Time fails me to tell of the surprising transformation of London. The river still flowed with all its ancient majesty, and more than its ancient purity, and there were landmarks, here and there, to convince me that this was really the great city; but the destruction of the slums and the reconstruction of the better streets made it most bewildering to me. The railway stations still stood where they were. How I regretted I could not take the Great Northern Railway and see for myself what had been done with the land of my birth.

“Stands Scotland where it did?” I asked my patient though often somewhat amused guide.

“I believe it does,” he said smiling.

“If, as you say, the wealth or prosperity of a country depends on its fertility, Scotland must be far behind England!”

“Scotland and England are one, and it is not only fertility of soil and kindliness of climate, but the ingenuity and industry of its inhabitants that bring prosperity to a country, and Scotland has these.”

“And what of Ireland?” I asked.

“Ireland is still very much of a dairy and cattle-breeding country. England depends on her for much of her butter and cheese and beef supply. She grows rye and flax of better quality than we can in England, and, in some manufactures and in many handmade articles, the Irish excel us. Ireland is poor in minerals, no doubt, but the reclamation of bog land and the increase of production has been marvellous since the pacification of the country, and the flow of capital as well as of steady industry on to the land.”

“There is then no bitterness left between England and Ireland? It seems too much to expect after so many centuries of misgovernment and misunderstanding.”

“There is free interchange of products and a perfectly friendly feeling between the sister isles,” said Mr. Oliphant. “The Irish have their parliament, at least their popular house in Dublin. The Senate which sits in London has the representatives of the four provinces into which Ireland is divided, who have an equal voice with the ten representatives for England, two for Wales, and four for Scotland.”

“Are your Parliaments elected annually according to the Charter, so many points in which you have carried out, or triennially like the Australians, or septennially as in England of old? Then you have your President to elect also. I hope that is not as exciting a matter as it used to be in America!”

“The President is elected once in six years, but that not by direct election. The Lower House is elected for three years, and is rarely dissolved till that term has expired, so that for a long time the Presidential election and the Commons election have been simultaneous. The President is elected by delegates from two hundred communes.”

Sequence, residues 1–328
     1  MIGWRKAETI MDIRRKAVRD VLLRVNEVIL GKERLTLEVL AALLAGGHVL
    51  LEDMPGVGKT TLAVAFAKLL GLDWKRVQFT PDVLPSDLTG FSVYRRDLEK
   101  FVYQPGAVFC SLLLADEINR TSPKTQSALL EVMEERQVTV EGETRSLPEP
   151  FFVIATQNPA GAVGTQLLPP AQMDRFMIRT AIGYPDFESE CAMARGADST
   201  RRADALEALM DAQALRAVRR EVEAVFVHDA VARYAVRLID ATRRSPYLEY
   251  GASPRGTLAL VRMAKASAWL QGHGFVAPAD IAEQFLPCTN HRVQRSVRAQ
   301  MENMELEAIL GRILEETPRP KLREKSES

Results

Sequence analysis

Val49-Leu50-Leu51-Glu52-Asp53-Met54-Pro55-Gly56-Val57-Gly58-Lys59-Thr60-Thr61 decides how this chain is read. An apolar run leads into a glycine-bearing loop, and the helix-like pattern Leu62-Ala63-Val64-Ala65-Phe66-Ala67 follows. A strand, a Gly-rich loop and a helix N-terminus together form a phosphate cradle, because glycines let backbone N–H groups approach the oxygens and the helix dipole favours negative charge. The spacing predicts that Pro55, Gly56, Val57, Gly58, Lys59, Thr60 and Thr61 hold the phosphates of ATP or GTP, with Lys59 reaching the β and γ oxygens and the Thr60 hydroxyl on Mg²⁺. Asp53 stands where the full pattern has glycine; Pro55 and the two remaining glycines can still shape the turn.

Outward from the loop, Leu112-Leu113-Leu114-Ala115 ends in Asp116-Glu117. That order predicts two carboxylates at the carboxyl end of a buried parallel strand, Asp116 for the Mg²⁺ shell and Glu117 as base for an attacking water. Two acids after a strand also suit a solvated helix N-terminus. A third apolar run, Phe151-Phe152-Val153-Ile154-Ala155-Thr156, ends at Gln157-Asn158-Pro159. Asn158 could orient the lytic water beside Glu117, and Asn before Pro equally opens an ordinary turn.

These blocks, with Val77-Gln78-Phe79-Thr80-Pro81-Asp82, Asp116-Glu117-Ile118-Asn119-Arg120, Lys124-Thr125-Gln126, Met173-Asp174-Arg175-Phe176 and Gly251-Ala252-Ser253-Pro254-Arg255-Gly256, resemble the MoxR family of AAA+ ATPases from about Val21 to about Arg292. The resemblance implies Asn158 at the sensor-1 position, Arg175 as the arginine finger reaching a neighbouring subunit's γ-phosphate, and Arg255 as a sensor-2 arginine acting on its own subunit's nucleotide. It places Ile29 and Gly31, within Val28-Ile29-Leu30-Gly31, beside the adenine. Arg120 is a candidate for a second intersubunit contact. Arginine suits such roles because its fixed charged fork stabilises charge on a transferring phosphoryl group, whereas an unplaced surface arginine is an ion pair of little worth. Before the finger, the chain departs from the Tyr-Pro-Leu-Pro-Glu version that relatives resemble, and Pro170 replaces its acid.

“Can a President be re-elected?”

“He may serve two terms. Our third President was chosen a second time.”

“Were not people afraid to do this, lest it should become as permanent as royalty?” “He was extremely popular.”

“If he dies in office?”

“There is no new election; he provides for a successor in that case, as also in case of serious illness or incapacitation for public business.”

“Oh! I understand, as the Americans did. But you call this a Commonwealth out of compliment to the movement of the seventeenth century, I suppose.”

“I think it was rather to distinguish between ourselves and the great transatlantic English speaking Republic.”

“Why not call your President Protector, and keep up the distinction?”

“He does not protect us or the Commonwealth. We protect ourselves. We did not like that title.”

I have already learned in the course of general conversation, that the President of the Commonwealth of Great Britain and Ireland, in the latter part of the year 1987, was a man who had worked his way up through commercial and provincial experience to the highest position in the country. He was a descendant, through his mother, of an eminent savant of my own day, but his father had belonged to the Artisan class. The probable successful candidate for the next term of office was a Guelph, a direct descendant of the Royal Family, who had made his mark in the new social order, and was now a leading member in the House of Commons. Royalty had ceased in England for nearly eighty years, but there were many descendants of the Empress Queen, as she was generally called, scattered over the world, and many of them in leading positions.